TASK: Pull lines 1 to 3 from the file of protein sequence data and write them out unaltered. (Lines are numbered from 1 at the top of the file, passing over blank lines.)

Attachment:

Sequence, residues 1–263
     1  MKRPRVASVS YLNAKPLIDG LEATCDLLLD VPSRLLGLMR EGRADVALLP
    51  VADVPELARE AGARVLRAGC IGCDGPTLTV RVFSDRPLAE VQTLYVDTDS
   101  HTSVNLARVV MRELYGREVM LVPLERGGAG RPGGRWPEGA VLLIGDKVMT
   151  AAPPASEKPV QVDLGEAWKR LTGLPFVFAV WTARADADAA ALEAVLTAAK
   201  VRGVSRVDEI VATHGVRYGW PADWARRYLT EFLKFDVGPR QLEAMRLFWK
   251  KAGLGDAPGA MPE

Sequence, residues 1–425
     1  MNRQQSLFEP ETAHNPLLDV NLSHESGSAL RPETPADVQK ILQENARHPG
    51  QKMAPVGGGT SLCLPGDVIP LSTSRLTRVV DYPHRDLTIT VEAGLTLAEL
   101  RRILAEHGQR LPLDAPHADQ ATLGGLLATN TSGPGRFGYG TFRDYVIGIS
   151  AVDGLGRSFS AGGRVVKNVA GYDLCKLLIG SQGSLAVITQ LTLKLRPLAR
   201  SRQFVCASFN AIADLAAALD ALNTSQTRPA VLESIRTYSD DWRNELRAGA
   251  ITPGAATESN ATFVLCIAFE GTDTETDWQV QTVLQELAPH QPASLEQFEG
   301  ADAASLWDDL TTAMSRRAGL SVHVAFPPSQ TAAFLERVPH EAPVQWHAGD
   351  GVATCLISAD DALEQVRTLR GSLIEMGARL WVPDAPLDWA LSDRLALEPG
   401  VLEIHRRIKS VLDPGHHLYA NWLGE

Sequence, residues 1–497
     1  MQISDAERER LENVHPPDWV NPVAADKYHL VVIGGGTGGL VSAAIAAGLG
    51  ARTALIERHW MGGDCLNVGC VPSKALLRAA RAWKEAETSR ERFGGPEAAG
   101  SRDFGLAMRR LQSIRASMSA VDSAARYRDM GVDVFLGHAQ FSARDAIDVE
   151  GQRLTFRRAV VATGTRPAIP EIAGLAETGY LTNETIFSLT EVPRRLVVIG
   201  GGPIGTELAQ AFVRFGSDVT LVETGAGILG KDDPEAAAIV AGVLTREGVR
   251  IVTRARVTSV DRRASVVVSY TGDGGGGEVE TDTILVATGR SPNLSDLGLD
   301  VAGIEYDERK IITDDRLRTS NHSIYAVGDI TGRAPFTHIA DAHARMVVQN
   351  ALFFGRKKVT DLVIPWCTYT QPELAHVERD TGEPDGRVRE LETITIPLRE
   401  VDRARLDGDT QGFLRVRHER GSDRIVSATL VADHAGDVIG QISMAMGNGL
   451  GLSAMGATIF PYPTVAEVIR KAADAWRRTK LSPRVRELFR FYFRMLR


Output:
Sequence, residues 1–263
     1  MKRPRVASVS YLNAKPLIDG LEATCDLLLD VPSRLLGLMR EGRADVALLP
    51  VADVPELARE AGARVLRAGC IGCDGPTLTV RVFSDRPLAE VQTLYVDTDS